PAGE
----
These "parures" "apparels" or "orphreys" (Lat.
Very early, however, the custom arose of ornamenting the triangular spaces between the orphreys with embroidery, usually a round medallion, or a star, set in the middle, but sometimes figures of saints, &c. (e.g.
Though planetae decorated with narrow orphreys are occasionally met with in the monuments of the early centuries, these vestments were until the 10th century generally quite plain, and even at the close of this century, when the custom of decorating the chasuble with orphreys had become common, there was no definite rule as to their disposition; sometimes they were merely embroidered borders to the neck-opening or hem, sometimes a vertical strip down the back, less often a forked cross, the arms of which turned upwards over the shoulders.
From this time onward, however, the embroidery became ever more and more elaborate, and with this tendency the orphreys were broadened to allow of their being decorated with figures.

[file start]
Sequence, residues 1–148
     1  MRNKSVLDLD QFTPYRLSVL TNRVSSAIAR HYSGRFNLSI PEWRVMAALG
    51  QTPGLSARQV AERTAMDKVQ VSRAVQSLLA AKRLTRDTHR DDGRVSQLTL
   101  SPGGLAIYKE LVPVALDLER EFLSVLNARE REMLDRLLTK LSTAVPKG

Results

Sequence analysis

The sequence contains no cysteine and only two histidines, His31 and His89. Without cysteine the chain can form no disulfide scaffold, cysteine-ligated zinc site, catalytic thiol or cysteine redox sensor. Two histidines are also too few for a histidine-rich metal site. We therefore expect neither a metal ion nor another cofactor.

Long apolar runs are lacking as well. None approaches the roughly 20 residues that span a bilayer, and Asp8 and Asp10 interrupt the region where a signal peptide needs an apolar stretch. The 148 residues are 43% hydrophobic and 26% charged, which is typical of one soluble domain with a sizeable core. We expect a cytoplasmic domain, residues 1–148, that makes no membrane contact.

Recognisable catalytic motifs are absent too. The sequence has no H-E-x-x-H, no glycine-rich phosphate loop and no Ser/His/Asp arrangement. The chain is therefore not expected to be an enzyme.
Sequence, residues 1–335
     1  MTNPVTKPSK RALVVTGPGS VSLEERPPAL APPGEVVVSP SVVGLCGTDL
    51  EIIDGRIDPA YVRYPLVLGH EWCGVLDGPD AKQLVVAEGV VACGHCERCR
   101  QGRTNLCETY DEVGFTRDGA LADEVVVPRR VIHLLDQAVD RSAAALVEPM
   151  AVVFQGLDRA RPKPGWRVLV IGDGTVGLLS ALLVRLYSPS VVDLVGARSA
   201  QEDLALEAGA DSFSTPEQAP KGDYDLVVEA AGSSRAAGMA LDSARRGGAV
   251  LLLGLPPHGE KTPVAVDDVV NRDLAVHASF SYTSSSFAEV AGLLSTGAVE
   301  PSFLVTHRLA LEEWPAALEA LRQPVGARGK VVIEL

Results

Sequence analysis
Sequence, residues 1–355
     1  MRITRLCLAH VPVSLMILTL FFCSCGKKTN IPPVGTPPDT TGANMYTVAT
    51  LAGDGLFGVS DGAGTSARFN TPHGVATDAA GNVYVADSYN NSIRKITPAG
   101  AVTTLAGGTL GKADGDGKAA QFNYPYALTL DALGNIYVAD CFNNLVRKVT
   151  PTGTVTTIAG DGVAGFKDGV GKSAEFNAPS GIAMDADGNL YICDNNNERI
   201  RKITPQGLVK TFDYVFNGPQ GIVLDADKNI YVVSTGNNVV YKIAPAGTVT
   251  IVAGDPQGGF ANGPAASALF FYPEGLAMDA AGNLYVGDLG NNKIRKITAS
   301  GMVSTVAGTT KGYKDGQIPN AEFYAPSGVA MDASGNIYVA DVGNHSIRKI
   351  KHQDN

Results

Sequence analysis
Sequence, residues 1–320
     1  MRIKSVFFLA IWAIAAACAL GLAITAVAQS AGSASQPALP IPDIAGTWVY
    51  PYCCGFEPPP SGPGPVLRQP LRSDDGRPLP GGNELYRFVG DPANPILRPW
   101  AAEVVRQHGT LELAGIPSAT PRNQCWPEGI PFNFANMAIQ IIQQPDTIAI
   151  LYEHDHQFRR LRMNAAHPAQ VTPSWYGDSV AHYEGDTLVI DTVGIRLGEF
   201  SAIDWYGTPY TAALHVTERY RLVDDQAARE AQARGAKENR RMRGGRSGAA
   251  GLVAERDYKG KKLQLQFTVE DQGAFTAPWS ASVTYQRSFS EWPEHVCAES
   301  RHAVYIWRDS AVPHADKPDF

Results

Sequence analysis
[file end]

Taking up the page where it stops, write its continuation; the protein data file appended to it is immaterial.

This, however, did not represent any definite rule; and the orphreys of chasubles were decorated with a great variety of pictorial subjects, scriptural or drawn from the stories of the saints, while the rest of the vestment was either left plain or, if embroidered, most usually decorated with arabesque patterns of foliage or animals.
Less essential are the orphreys on the hem of the arms and the fringes along the slits at the sides and the lower hem.
- Back Of A Dalmatic Of Tamped Green Woollen Velvet: The Orphreys And Apparels Are Of Embroidered Silk Velvet.